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| | |-+  February 12, 2004, Mount Saint Helens, Worm Flows
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Author Topic: February 12, 2004, Mount Saint Helens, Worm Flows  (Read 6342 times)
Amar Andalkar
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February 12, 2004, Mount Saint Helens, Worm Flows
« on: 02/17/04, 04:09 AM »

Given the previous several days of clear weather and a forecast freezing level of 8000-9000 ft, I figured the south side of Saint Helens offered a great chance to find mid-winter corn snow on Thursday. I was hoping to ski up the standard winter route and then ski down through the Lahar (towards the southeast), rejoining Road 83 a few miles east of Marble Mtn Sno-Park, but this was not to be. David Coleman and I skinned nearly the whole way to the crater rim, but near 7600 ft the snow conditions became too firm to proceed, even using ski crampons on the 30 degree slope, so we hiked up the rest of the way. Throughout the day, skies had been completely clear with an occasional gusty east wind, but as we neared the rim the wind was roaring at 30-40 mph from the SW. We turned back about 20 ft from the edge of the precipice, too far to get any view into the crater, but this seemed safest given the high winds and massive cornices visible to either side (we were probably well out on the cornice at our high point).

We abandoned plans to ski the Lahar and skied down our ascent route. The snow was firm, consistently hard windpack on the upper slopes, turning to fairly tricky and inconsistent trap crust below 7500 ft. Occasional stretches of nice softened snow, with several inches of corn on a firm base, could be found only on SW facing aspects, perhaps a total of 1000 vft of corn on the 5500 vft run. The last few miles of ski trail through the woods were mostly firm and frozen, but the softer stretches were fast and fun. Temps had remaining above freezing even at the crater rim and had probably reached 50+ F at the Sno-Park. Less than a dozen other skiers/boarders/snowshoers were seen on the route during the day. Most pleasantly, we did not see or hear a single snowmobile from the time we left the Sno-Park until we returned to the car.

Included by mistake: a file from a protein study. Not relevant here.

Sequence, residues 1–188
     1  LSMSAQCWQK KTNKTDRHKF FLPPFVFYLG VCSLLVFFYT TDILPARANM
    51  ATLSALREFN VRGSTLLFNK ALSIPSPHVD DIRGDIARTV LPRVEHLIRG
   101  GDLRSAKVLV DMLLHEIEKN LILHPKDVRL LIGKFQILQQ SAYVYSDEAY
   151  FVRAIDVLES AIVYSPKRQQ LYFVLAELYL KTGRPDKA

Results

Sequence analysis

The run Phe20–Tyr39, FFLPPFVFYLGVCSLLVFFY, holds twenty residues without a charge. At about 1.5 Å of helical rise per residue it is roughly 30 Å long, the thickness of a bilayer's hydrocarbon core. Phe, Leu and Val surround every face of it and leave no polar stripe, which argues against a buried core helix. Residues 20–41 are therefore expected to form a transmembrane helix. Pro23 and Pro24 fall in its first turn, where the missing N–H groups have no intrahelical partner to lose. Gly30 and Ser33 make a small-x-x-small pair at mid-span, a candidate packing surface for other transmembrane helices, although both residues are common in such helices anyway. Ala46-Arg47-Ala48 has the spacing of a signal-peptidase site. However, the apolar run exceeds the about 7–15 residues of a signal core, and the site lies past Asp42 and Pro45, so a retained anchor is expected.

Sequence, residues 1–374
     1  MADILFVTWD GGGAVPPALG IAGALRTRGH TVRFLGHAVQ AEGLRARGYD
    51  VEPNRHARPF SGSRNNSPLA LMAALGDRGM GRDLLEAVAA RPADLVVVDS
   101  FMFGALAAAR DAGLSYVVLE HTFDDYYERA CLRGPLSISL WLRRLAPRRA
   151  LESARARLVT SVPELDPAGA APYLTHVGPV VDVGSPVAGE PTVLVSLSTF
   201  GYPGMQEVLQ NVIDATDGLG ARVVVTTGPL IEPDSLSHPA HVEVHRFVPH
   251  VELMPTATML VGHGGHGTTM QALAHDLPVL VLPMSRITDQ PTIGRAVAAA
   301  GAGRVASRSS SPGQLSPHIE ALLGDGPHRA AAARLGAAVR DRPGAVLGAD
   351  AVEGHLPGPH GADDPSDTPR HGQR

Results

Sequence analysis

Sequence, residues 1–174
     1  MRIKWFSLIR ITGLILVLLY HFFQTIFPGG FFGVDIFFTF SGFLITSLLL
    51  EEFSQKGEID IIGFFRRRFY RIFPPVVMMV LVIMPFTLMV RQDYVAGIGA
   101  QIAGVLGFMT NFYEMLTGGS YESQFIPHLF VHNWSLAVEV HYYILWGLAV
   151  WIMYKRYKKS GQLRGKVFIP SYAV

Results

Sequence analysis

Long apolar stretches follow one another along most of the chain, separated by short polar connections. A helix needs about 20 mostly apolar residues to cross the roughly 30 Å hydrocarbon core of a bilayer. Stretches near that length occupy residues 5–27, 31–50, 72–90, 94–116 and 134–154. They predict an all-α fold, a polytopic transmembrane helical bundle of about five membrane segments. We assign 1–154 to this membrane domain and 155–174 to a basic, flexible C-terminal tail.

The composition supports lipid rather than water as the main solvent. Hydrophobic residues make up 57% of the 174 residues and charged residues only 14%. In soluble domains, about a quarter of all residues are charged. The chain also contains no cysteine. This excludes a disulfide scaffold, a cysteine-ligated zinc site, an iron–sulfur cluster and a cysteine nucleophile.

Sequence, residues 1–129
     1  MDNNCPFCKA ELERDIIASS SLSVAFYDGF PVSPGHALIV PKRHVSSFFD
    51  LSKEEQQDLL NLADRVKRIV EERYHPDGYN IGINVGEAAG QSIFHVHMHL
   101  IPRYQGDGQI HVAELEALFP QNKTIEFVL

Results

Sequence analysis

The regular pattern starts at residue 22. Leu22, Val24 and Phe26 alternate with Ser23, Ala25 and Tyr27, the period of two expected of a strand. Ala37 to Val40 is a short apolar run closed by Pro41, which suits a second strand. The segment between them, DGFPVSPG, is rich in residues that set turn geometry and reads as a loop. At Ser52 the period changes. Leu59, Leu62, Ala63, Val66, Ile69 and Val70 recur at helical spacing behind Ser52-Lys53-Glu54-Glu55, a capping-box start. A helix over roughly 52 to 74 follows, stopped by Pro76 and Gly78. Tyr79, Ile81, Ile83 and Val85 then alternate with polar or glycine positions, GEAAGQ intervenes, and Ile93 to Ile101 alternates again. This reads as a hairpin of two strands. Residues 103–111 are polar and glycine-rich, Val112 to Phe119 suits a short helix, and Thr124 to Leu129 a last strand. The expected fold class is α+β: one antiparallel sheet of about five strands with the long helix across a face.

Of particular note were two massive avalanche debris piles visible in shallow gullies just east and west of the standard route. Both slides were major Class 4 avalanches, with deep debris toes reaching 4000 ft from crowns located near 6000 ft, and path lengths over 1 mile. Debris piles were estimated to be 50-100 ft deep, with numerous towering blocks of hardened snow extending 20-30 ft above the surface of the piles. The debris was spottily covered by 2-3 ft of recent snow, and the avalanches probably came down during the major rain-on-snow event of Jan 28-29, when 5-6 inches of rain fell on St Helens at elevations up to 7000 ft. This photo shows the slide in the gully east of the climbing route, looking up from just below 4000 ft. The other avalanche to the west of the route was much steeper and more spectacular, having run from a massive crown on the east side of Monitor Ridge, but it was too far away to get a good photo of the slide path or debris pile.

Amar Andalkar
www.skimountaineer.com

Click here for a double-size version of this photo.



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skykilo
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Re: February 12, 2004, Mount Saint Helens, Worm Fl
« Reply #1 on: 02/17/04, 07:13 AM »

I demand a shot of Dave Coleman ripping the corn.  Give it up, Amar, I know you got it.  Action, action!
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David_Coleman
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Re: February 12, 2004, Mount Saint Helens, Worm Fl
« Reply #2 on: 02/17/04, 10:12 AM »

actually, the shot you want is the one I took of Amar huckin' the cornice into the crater....he's saving that one for the book!
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